Birds, primates, and spoken language origins: Behavioral phenotypes and neurobiological substrates

Institute of Neuroscience, Newcastle University Newcastle upon Tyne, UK.
Frontiers in Evolutionary Neuroscience 08/2012; 4:12. DOI: 10.3389/fnevo.2012.00012
Source: PubMed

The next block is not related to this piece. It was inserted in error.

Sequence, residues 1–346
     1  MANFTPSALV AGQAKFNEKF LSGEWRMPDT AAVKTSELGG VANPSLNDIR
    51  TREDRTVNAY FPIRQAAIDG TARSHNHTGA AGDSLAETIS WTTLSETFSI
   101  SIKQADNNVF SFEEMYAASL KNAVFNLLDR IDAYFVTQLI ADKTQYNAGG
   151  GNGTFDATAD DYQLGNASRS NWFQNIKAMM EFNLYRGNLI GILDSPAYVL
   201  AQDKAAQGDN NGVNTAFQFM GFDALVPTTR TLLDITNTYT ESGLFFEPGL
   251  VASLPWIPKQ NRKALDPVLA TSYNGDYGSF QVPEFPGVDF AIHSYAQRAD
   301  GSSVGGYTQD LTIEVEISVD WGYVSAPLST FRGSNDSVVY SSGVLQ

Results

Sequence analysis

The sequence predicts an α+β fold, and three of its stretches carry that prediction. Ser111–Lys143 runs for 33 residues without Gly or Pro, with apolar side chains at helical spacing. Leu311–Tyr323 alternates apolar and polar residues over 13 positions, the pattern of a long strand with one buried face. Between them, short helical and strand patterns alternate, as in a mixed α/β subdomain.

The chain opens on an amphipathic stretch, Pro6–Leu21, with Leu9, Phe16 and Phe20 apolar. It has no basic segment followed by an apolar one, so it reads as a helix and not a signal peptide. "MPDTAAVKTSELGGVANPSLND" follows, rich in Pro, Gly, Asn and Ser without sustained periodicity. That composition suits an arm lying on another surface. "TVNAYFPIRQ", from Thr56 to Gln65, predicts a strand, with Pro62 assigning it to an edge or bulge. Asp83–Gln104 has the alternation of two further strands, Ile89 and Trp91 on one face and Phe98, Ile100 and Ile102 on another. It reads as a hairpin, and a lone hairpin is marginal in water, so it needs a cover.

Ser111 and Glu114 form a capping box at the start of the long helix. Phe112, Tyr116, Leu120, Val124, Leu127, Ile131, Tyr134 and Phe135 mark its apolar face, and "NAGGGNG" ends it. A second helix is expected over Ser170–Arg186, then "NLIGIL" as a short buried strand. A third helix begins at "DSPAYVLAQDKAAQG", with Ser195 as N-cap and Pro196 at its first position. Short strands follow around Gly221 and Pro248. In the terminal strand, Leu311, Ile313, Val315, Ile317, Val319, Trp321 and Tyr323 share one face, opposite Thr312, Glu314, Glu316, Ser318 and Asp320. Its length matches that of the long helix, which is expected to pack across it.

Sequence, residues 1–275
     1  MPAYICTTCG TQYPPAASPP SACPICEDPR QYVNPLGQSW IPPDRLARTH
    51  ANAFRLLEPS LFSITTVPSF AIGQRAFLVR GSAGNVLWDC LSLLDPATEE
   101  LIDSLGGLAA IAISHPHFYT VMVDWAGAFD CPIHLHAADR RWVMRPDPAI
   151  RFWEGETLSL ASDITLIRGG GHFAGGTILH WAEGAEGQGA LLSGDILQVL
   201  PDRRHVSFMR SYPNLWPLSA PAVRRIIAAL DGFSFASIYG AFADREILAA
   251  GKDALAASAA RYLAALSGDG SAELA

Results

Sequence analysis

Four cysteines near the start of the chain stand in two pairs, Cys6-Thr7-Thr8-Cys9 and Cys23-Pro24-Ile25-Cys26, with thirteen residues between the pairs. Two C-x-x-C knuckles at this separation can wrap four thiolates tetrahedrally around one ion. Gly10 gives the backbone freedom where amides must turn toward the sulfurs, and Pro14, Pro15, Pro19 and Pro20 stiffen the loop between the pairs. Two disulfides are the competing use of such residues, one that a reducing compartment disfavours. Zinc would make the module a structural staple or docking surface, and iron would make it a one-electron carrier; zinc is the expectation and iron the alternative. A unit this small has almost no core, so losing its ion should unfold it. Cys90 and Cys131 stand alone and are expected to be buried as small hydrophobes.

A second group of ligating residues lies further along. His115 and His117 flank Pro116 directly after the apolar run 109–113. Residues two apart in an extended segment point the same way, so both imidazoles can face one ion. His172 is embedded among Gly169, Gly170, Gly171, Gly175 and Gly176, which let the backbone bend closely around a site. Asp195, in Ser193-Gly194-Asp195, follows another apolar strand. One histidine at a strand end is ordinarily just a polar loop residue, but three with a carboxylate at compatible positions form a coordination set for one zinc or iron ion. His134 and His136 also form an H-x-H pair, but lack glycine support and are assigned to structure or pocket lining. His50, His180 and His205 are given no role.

Vocal learners such as humans and songbirds can learn to produce elaborate patterns of structurally organized vocalizations, whereas many other vertebrates such as non-human primates and most other bird groups either cannot or do so to a very limited degree. To explain the similarities among humans and vocal-learning birds and the differences with other species, various theories have been proposed. One set of theories are motor theories, which underscore the role of the motor system as an evolutionary substrate for vocal production learning. For instance, the motor theory of speech and song perception proposes enhanced auditory perceptual learning of speech in humans and song in birds, which suggests a considerable level of neurobiological specialization. Another, a motor theory of vocal learning origin, proposes that the brain pathways that control the learning and production of song and speech were derived from adjacent motor brain pathways. Another set of theories are cognitive theories, which address the interface between cognition and the auditory-vocal domains to support language learning in humans. Here we critically review the behavioral and neurobiological evidence for parallels and differences between the so-called vocal learners and vocal non-learners in the context of motor and cognitive theories. In doing so, we note that behaviorally vocal-production learning abilities are more distributed than categorical, as are the auditory-learning abilities of animals. We propose testable hypotheses on the extent of the specializations and cross-species correspondences suggested by motor and cognitive theories. We believe that determining how spoken language evolved is likely to become clearer with concerted efforts in testing comparative data from many non-human animal species.